What was once the world’s largest building will soon be the site of the world’s largest permanent digital art projection. At around 7:15 pm on September 29, the massive façade of the Merchandise Mart (now called theMART) will light up as 34 projectors beam across the Chicago River to create an enormous and dynamic piece of public art.
Chicago is home to many striking works of public art, from the Picasso in Daley Plaza to Cloud Gate in Millennium Park to the murals of Pilsen, but none are quite like Art on theMART. First, there’s its size and prominence: the projection will cover 2.5 acres and is located directly on the River with nothing to obstruct it.
There’s also its mutability and medium. Unlike most public art, which is made of semi-permanent materials like metal, stone, or paint, Art on theMART consists of fleeting light. During the day, it won’t even be visible; it will only be displayed for up to two hours a night, five days a week (Wednesday through Sunday), for ten months of the year (March through December). And because it is a projection rather than something solid, it can change throughout its existence, featuring the works of different artists over time. (Perhaps the closest parallel can be found across the river at 150 North Riverside Plaza, where digital art has been displayed on LED blades as part of 150 Media Stream since 2017.)
The inaugural program, which will run until December 31, features the work of four artists. Two – Jan Tichy and Jason Salavon – are Chicago-based artists selected by the Terra Foundation for American Art as part of their Art Design Chicago initiative (WTTW’s upcoming series and website Art & Design in Chicago is also part of the initiative). Their work is “focused on really tapping into the creative DNA of Chicago as a city,” says Cynthia Noble, executive director of Art on theMART.
Tichy, a Czech-born professor at the School of the Art Institute of Chicago whose work often addresses social and political issues, has created Artes in Horto: Seven Gardens for Chicago. It “takes inspiration from the place of nature in Chicago’s urban space,” he explains, and seeks to challenge the public “to reconsider their relationship to urban nature.”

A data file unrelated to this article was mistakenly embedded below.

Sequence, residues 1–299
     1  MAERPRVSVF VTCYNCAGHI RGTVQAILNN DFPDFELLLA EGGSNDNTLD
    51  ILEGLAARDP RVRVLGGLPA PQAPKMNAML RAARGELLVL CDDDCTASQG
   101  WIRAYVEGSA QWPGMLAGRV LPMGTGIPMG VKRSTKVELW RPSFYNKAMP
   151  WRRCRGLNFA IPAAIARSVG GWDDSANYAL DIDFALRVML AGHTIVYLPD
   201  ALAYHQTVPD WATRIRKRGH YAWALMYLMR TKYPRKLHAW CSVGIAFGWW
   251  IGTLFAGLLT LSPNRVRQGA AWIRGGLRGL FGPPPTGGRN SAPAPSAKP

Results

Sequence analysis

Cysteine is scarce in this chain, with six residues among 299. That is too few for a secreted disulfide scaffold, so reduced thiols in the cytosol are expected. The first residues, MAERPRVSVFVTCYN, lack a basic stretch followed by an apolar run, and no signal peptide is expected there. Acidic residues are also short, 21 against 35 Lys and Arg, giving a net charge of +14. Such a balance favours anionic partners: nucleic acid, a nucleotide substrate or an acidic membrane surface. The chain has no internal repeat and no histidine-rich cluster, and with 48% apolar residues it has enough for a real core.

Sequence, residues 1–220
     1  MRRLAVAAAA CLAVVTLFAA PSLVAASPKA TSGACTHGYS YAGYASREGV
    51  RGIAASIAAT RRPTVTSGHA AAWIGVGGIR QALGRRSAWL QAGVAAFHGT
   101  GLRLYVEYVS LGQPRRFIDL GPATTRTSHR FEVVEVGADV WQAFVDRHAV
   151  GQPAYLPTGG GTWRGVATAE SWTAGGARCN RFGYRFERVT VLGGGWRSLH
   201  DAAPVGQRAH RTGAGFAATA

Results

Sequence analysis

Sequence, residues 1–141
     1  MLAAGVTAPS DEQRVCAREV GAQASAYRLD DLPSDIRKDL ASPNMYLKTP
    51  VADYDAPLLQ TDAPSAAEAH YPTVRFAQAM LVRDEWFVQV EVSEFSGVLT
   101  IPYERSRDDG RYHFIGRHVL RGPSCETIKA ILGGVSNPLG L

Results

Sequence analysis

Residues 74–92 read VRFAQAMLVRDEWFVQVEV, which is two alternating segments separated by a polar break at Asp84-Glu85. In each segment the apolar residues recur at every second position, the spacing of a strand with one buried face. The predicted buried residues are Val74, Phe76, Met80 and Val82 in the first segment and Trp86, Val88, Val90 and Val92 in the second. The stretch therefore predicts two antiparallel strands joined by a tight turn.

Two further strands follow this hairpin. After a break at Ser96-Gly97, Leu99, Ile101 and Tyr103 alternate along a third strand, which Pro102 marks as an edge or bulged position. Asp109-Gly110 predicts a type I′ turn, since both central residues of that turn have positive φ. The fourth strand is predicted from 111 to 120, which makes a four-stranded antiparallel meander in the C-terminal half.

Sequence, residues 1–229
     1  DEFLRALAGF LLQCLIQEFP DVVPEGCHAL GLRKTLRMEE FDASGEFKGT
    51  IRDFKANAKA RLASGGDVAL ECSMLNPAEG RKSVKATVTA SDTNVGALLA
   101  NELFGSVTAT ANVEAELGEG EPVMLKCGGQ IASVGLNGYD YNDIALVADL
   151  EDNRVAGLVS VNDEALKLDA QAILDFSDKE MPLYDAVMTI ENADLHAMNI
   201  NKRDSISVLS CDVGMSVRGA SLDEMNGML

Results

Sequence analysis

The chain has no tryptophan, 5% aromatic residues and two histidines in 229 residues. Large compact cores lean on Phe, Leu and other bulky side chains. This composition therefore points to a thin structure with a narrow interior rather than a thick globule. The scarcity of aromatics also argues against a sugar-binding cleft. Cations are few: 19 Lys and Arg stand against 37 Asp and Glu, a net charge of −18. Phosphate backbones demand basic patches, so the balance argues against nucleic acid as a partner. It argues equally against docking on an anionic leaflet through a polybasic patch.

Salavon was born in Indiana and formerly worked in the video game industry before beginning to exhibit his work. He is now a professor at the University of Chicago. His Homage in Between draws on archives of Chicago painters to explore and celebrate the city’s artistic legacy.
The other two artists featured in the inaugural program were selected by Art on theMART’s curatorial advisory board, which is made up of Chicago curators and artists. The Los Angeles-based Diana Thater’s work often focuses the natural world, and her True Life Adventures is no exception. “It’s a kind of safari film made in Kenya over the last two years,” she says. “I am continually inspired by the overlay of nature and culture and am excited to bring a bit of the wild to a great city.” Including footage of large animals such as giraffes, elephants, rhinos, and zebras – “icons of the wild,” she calls them – True Life Adventures is “conceptualized as a collage of colorful images that is non-narrative so viewers don’t have to wait for a story to play out,” she says.
Shanghai- and San Francisco-based Zheng Chongbin is inspired by both ancient Chinese ink drawings and Western abstract art. His Chimeric Landscape is a mercurial piece about our changing world. “All four artists are each pioneering the relationship between digital art and architecture in unique ways that ultimately operate on multiple levels,” says Noble, the executive director.
While Art on theMART is primarily a visual work, the opening night on September 29 will also include audio, as well as a fireworks show at 8:00 pm. After that, audio for each piece will be available on the Art on theMART website. Given that Art on theMART is an unprecedented venture in Chicago, the curatorial advisory board have not yet determined the best way to proceed with programming when it relaunches in March of 2019; they’re hoping to learn from the inaugural program. “Right now, we are thinking about programming seasonally, but we would like to be responsive to what we learn from this first installation and program accordingly,” says Noble.
“It is my hope that each person who witnesses Art on theMART is actively engaged in this immersive experience,” she says, “an experience I hope becomes a part of the city’s cultural fabric, transforming the very nature of its urban landscape.”